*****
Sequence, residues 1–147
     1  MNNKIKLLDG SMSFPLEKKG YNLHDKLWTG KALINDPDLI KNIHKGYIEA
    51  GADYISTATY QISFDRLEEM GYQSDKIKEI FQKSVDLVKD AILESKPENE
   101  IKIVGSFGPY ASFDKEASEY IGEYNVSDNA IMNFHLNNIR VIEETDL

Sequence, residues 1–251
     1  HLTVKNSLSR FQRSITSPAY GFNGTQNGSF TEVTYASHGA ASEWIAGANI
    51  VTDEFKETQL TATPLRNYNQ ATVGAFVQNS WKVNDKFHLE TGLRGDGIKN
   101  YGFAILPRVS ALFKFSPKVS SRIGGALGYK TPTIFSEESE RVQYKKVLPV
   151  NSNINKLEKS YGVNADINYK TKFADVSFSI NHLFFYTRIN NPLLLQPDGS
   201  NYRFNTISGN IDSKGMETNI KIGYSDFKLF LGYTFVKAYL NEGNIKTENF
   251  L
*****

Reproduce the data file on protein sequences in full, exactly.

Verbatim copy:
Sequence, residues 1–147
     1  MNNKIKLLDG SMSFPLEKKG YNLHDKLWTG KALINDPDLI KNIHKGYIEA
    51  GADYISTATY QISFDRLEEM GYQSDKIKEI FQKSVDLVKD AILESKPENE
   101  IKIVGSFGPY ASFDKEASEY IGEYNVSDNA IMNFHLNNIR VIEETDL

Sequence, residues 1–251
     1  HLTVKNSLSR FQRSITSPAY GFNGTQNGSF TEVTYASHGA ASEWIAGANI
    51  VTDEFKETQL TATPLRNYNQ ATVGAFVQNS WKVNDKFHLE TGLRGDGIKN
   101  YGFAILPRVS ALFKFSPKVS SRIGGALGYK TPTIFSEESE RVQYKKVLPV
   151  NSNINKLEKS YGVNADINYK TKFADVSFSI NHLFFYTRIN NPLLLQPDGS
   201  NYRFNTISGN IDSKGMETNI KIGYSDFKLF LGYTFVKAYL NEGNIKTENF
   251  L